How do we do it? How do we enter into the suffering? We do exactly what John charged us to do this weekend:

“Speak to the one God has placed in front of you. We are the communicators. Hard is part of it. Move to it. Move through it. We can’t. He can. Let Him do it through you. All things are possible in Him.”

And what do we speak? Luanne stated it in beautiful simplicity:

“…all that you have to know in order to do this, is your own story with Jesus. If you know Him, you are equipped and ready”.

Do you know Him? This suffering Savior who came to give his life as a servant? If you don’t, I pray that He will reveal Himself to your heart so that you, like Paul, can have a new story, a fresh start. If you do, are you willing to embrace the role of servant and enter into the suffering of the world as an extension of what Jesus did for you? I pray that we can all give a resounding “yes” to that question and move out into a world that is desperately waiting for our talk to materialize into a walk that will walk with them. 

We would love to hear your thoughts-please share with us any questions and comments you have.

–Laura

suffering savior

Colossians Week 2: Do you know what you’re doing?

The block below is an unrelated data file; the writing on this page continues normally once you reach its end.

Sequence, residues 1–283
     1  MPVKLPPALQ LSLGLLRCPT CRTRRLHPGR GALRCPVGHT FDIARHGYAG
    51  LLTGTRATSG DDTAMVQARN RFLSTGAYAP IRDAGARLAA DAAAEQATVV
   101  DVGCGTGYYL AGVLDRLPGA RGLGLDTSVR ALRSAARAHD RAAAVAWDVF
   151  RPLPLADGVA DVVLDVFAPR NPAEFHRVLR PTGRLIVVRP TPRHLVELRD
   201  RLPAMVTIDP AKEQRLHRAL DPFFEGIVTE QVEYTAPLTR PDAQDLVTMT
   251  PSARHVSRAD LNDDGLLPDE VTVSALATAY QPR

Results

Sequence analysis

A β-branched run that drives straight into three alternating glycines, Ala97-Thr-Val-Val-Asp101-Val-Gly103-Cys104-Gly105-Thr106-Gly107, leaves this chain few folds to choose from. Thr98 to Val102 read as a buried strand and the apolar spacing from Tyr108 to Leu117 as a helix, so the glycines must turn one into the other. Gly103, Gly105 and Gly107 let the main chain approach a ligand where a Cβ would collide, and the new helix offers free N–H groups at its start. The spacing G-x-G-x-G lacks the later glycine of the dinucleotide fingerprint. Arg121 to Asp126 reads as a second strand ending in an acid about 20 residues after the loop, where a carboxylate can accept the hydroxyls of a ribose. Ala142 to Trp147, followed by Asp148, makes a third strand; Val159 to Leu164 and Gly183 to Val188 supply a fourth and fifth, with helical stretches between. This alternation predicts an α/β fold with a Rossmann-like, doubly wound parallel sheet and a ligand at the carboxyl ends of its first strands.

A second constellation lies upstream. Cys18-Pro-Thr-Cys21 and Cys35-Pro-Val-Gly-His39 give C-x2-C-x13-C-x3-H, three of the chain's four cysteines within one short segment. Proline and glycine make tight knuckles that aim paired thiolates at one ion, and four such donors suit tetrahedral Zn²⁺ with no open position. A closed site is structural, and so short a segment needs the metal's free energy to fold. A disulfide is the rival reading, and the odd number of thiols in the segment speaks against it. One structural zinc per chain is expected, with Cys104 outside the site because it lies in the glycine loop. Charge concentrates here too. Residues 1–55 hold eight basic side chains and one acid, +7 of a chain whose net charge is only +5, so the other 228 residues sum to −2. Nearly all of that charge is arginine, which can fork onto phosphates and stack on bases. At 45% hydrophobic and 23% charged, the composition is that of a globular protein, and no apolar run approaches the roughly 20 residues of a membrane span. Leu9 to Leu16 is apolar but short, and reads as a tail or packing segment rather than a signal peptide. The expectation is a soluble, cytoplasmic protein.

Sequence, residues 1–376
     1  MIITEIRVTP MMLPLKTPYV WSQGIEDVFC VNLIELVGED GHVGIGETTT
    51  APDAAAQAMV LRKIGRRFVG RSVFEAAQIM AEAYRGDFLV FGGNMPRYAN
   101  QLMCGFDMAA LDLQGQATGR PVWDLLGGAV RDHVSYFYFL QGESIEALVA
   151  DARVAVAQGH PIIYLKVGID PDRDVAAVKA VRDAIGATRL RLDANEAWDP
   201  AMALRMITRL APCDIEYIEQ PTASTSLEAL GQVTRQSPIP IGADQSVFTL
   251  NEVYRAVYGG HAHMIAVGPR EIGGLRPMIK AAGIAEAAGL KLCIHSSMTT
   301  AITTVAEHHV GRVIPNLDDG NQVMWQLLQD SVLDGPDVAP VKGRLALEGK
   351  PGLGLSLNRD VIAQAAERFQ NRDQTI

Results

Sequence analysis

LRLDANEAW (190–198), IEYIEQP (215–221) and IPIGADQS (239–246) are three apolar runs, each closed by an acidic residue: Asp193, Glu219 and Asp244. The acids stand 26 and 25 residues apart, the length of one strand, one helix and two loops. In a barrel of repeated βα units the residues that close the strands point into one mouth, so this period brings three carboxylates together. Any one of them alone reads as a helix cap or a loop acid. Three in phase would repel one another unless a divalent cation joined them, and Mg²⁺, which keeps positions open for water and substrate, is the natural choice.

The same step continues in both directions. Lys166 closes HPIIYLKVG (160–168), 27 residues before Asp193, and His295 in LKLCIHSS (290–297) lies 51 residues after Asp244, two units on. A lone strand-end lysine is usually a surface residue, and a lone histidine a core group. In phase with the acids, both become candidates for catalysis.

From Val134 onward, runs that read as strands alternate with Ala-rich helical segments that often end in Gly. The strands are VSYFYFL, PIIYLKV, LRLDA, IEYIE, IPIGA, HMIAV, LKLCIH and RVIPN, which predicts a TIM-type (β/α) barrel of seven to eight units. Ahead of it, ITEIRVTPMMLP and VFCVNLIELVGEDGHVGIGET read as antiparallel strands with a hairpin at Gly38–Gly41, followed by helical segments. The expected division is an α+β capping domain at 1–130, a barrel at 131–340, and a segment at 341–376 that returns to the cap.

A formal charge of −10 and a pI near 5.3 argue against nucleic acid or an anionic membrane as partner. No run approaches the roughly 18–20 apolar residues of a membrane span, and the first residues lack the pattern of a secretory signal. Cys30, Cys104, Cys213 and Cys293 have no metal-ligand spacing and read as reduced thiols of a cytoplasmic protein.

What are your priorities? Your passions? Do you know what your purpose is?

These are a few of the questions John put before us as he led us further into our study of Colossians. This weekend, we covered verses 9-14. This is how The Message translates this part of Paul’s prayer:

Be assured that from the first day we heard of you, we haven’t stopped praying for you, asking God to give you wise minds and spirits attuned to his will, and so acquire a thorough understanding of the ways in which God works. We pray that you’ll live well for the Master, making him proud of you as you work hard in his orchard. As you learn more and more how God works, you will learn how to do your work. We pray that you’ll have the strength to stick it out over the long haul—not the grim strength of gritting your teeth but the glory-strength God gives. It is strength that endures the unendurable and spills over into joy, thanking the Father who makes us strong enough to take part in everything bright and beautiful that he has for us. God rescued us from dead-end alleys and dark dungeons. He’s set us up in the kingdom of the Son he loves so much, the Son who got us out of the pit we were in, got rid of the sins we were doomed to keep repeating.